Sonata West in Winter Garden - Independent Living & Assisted Living 
Serenades in Winter Garden - Assisted Living & Memory Care
Serenades in Longwood - Assisted Living & Memory Care
Serenades in The Villages - Assisted Living & Memory Care
Sonata South in Boca Raton - Assisted Living & Memory Care
Sonata South in Boynton Beach - Assisted Living & Memory Care
Sonata South in Coconut Creek - Assisted Living & Memory Care
Sonata South in Delray Beach - Assisted Living & Memory Care

As you can see, their communities offer memory care facilities on the same campus or nearby.  These facilities are arranged in home-like villages or neighborhoods designed to help people with dementia feel more comfortable.  Most residents begin their Sonata lifestyle in an independent or assisted living apartment.

Resort Style Florida Retirement

Sonata West is their newest community and will have both independent living and assisted
living facilities.   The management also emphasizes what a great value it is.  Compared to many other senior living facilities, it does appear to be an affordable option.

Unlike many Continuing Care Retirement Communities, Sonata does not require the residents to "buy in."  The monthly rental fee includes a private apartment with full-size appliances (including your own washer and dryer), cable TV and internet, regular housekeeping and linen services, flexible dining options (including continental breakfasts and a variety of options for lunch and dinner), weekend brunches, scheduled transportation and other amenities.  If you no longer drive, you can use their "At Your Service" chauffeur service to go shopping, to doctor visits or the theater.  They even have an activities director to help plan parties, entertainment, outings and special events for the residents.  This is not a boring, old-fashioned senior apartment complex or nursing home.

The Sonata Harmony Assisted Living residences are also rentals and include all of the services listed above, as well as a personalized care plan and a 24/7 staff, including trained nurses, whose goal is to encourage physical, emotional and spiritual wellness.  People who need a little extra help are sure to feel pampered in a Sonata Harmony community.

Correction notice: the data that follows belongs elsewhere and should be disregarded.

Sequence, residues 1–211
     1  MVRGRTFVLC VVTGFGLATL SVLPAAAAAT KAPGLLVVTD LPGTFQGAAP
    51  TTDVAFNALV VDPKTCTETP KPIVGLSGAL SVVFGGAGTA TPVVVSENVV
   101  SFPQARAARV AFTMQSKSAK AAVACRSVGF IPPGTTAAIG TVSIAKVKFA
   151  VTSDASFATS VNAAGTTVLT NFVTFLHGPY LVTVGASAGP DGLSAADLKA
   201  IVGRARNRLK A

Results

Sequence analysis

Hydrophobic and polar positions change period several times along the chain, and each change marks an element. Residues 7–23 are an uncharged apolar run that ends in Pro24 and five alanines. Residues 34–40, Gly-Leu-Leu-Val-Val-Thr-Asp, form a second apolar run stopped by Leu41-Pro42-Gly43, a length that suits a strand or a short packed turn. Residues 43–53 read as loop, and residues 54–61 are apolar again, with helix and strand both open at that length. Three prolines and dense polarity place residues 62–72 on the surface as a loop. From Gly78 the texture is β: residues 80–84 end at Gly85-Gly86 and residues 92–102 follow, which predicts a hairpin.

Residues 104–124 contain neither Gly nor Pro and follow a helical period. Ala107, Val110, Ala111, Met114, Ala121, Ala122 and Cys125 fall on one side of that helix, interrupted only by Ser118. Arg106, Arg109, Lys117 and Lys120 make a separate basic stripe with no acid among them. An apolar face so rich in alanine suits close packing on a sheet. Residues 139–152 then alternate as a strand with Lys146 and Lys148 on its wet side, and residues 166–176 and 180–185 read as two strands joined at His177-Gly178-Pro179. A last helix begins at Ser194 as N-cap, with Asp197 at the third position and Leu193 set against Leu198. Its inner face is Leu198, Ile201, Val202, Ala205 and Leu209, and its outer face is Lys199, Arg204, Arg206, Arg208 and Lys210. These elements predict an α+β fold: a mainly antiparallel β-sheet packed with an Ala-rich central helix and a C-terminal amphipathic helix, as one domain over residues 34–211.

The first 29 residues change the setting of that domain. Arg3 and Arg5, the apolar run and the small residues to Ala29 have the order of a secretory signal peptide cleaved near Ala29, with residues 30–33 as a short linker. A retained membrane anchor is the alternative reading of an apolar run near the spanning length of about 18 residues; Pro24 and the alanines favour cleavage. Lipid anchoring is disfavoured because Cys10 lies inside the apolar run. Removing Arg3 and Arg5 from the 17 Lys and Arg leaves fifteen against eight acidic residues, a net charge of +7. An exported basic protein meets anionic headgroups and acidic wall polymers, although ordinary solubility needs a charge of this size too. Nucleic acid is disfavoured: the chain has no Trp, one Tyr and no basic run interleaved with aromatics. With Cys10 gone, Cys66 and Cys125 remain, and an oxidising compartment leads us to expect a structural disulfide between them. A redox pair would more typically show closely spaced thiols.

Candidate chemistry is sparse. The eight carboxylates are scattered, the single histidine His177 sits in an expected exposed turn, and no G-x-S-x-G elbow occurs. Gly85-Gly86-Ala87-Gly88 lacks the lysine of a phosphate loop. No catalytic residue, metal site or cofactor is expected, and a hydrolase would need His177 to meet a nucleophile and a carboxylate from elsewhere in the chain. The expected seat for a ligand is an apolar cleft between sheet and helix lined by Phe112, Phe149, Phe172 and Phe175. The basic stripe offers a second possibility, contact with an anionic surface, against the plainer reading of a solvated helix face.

The Sonata Serenades Memory Care facilities are focused on helping residents feel as normal as possible.  They are designed in neighborhoods or villages with extra safety features and dementia certified caregivers and staff.  Their design elements were chosen to be soothing and safe, while giving residents some freedom to roam around the community, including the outdoor spaces.  They have open floor plans, color-coding (to help residents find their way around), and reduced glare lighting.  They also have special programs to keep the residents active, well, and able to enjoy the best quality of life possible.

All the facilities encourage socialization through the use of elements such as front porches, courtyards and multipurpose areas.

Estimated Cost of Florida Senior Living Facilities

In addition to being able to rent rather than buy into a Sonata Senior Living Community, there are other factors which may help you afford to live in one of these facilities.  The facility directors will be happy to discuss options with you.  The amount of your rent will be calculated on a base price plus the cost of your specific level of care.  Therefore, the exact monthly rental will vary from resident to resident.